The record $2.64 billion listing of Life Insurance Corporation of India (LIC) is poised for a weak start in trading tomorrow amid bearish sentiment on domestic and global markets.
Pre-market trading indicates shares will open at 15 to 20 rupees lower than the issue price of 949 rupees ($12.20), said Dinesh Gupta, co-founder of Unlisted Zone, a trading platform for unlisted shares. On Friday shares traded at a discount as high as Rs. 30 per share, he said.
“LIC is getting listed at a time when the secondary market is hitting lows almost every day, echoing worldwide market volatility on concerns about rising interest rates, higher inflation, and slowing global growth,” said Manan Doshi, co-founder of Unlisted Area. “The huge IPO size is also dampening sentiment.”
The government sold 221.3 million LIC shares, or 3.5% of the company. They were oversubscribed almost three times.
The listing is a test of the depth of India’s capital market and of the appetite for its state-owned companies.
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Discounts for Policyholders, Employees
Retail investors and policyholders were allotted shares at a discount so still may gain even if LIC debuts at below the allotment price, Gupta said.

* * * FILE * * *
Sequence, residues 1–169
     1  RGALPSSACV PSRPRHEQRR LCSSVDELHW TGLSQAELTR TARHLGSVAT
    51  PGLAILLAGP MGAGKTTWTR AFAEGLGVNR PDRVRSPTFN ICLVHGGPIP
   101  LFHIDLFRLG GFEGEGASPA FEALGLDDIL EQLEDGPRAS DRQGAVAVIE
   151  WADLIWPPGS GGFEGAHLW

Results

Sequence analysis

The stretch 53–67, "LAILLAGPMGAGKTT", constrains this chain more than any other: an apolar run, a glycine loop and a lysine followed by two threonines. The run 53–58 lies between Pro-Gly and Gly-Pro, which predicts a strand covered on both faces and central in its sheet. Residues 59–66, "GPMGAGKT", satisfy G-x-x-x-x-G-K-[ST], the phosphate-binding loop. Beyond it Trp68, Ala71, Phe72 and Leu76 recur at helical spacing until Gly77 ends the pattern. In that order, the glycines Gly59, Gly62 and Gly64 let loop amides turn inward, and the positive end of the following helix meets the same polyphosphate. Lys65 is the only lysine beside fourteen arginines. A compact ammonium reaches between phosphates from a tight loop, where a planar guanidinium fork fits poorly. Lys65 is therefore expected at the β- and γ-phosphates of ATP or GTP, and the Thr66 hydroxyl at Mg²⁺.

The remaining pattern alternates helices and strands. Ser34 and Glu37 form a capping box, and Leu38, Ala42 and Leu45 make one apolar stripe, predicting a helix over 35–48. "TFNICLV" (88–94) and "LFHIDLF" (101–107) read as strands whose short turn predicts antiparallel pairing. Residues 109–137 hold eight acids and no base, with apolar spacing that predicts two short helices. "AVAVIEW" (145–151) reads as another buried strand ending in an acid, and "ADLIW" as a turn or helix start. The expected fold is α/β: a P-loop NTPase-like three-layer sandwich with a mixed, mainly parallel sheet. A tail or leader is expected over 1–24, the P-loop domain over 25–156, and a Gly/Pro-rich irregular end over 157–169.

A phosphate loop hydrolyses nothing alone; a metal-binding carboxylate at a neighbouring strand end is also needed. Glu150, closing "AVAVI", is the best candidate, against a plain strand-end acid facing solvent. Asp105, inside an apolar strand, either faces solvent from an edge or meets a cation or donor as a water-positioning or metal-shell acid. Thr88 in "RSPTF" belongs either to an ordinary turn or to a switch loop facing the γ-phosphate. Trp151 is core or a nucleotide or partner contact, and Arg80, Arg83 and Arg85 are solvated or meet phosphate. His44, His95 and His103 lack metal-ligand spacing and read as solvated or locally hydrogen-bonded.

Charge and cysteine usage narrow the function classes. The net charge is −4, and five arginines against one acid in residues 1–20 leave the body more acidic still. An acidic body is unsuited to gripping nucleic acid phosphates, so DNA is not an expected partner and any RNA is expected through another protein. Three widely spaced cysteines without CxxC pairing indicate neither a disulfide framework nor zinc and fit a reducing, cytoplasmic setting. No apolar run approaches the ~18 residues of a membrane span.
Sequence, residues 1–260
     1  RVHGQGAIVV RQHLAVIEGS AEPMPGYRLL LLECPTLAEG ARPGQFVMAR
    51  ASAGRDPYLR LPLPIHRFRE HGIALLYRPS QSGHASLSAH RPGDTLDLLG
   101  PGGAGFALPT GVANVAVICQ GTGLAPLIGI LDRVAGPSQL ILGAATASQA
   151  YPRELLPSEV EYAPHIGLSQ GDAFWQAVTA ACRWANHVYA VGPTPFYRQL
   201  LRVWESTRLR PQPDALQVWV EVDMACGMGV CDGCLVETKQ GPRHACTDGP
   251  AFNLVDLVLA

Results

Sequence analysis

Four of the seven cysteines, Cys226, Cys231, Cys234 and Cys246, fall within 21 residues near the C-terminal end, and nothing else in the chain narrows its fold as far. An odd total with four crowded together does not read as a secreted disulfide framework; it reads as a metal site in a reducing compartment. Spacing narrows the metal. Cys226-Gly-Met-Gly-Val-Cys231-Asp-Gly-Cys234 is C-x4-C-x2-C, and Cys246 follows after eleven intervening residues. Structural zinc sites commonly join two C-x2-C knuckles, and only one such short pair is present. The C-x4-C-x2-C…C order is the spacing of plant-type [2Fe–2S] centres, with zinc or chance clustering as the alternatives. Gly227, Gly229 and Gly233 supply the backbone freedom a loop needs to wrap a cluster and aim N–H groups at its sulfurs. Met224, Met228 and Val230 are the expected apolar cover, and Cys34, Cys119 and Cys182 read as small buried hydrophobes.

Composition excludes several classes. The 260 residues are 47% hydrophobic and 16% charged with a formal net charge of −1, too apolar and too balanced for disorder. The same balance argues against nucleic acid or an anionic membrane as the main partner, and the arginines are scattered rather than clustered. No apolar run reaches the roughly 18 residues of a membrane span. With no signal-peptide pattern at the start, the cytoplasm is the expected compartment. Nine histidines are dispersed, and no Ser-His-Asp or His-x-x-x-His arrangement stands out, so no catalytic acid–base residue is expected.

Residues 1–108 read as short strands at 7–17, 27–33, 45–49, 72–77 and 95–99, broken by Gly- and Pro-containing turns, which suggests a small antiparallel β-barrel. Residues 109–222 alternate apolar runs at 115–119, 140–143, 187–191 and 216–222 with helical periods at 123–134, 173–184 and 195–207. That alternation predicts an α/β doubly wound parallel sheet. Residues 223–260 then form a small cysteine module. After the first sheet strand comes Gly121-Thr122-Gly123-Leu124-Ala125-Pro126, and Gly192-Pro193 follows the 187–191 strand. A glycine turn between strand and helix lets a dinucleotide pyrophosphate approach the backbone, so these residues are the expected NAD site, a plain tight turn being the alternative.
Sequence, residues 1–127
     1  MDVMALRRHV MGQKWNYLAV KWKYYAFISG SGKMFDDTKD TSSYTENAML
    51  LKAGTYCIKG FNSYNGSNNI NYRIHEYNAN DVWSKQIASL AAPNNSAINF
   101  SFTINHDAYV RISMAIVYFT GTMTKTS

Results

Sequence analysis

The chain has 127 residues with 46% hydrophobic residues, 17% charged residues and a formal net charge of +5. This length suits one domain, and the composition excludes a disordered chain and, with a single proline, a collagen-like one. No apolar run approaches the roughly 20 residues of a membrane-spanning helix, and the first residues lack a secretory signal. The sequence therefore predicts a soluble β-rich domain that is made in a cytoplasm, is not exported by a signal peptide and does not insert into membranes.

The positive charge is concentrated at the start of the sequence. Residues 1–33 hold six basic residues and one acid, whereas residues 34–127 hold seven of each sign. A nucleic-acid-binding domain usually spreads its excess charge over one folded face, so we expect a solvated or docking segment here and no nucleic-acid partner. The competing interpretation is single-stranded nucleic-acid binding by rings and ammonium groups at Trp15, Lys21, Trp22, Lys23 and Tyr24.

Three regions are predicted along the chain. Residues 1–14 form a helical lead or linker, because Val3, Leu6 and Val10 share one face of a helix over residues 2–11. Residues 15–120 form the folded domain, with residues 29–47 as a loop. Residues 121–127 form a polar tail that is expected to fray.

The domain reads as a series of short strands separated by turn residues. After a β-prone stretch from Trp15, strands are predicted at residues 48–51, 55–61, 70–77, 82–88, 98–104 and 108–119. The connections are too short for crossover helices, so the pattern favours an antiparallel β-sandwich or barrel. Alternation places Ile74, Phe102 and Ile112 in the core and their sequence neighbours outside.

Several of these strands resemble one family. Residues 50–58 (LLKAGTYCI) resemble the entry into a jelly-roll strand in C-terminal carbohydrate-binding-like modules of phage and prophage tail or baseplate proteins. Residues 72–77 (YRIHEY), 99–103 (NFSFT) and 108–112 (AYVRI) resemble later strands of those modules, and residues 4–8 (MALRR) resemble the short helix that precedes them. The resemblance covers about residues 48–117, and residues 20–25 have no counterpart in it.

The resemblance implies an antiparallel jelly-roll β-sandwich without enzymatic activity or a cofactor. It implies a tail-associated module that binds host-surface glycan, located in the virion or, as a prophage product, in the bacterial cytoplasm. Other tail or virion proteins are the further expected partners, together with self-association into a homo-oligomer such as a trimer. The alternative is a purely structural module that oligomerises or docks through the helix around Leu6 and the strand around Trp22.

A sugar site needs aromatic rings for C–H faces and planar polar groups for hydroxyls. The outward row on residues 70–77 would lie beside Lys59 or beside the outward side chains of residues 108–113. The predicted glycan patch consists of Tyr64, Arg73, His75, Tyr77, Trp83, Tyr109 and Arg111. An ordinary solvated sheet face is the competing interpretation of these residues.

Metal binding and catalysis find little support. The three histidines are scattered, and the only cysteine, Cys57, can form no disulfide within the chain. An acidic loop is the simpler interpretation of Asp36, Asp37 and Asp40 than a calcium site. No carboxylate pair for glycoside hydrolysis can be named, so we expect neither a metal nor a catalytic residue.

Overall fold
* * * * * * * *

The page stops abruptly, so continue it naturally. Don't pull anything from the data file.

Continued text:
Retail investors and eligible employees paid 904 rupees for their shares, a discount of Rs 45 per share, while policyholders paid Rs 889, a discount of Rs 60 per share.
The LIC IPO allotment was announced on May 12, following news that the issue was subscribed around 2.95 times the issue size.
Maximum bids were received for the policyholders’ portion, which was subscribed a little over six times, followed by employees, who had bid for 4.4 times the amount they were allotted.
Stocks Down, But Advisers Say ‘Buy’
The Bombay Stock Exchange’s Sensex index ended Monday up 0.3% but is still down more than 7% in the past month and about 10.5% this year.
The rupee also hit new record lows repeatedly last week and closed at an all-time low of 77.80 per dollar on Monday.
But Sonam Srivastva, the founder and lead analyst at Mumbai-based Wright Research, says LIC would be an outstanding stock to hold.
“The stock has an exciting path ahead, where many passive indices tracking India will include it in their baskets,” she said. “Our recommendation would be to hold on to these shares.”
India’s insurance industry is on a growth path, driven by continued economic expansion and rising demand for health and life protection products and a low rate of premiums as a percentage of GDP, according to Moody’s.
Now that it’s bringing aboard public shareholders, Moody expects LIC to tighten its underwriting standards and improve its risk management and governance, which should contribute to a stronger financial profile.
• Indrajit Basu
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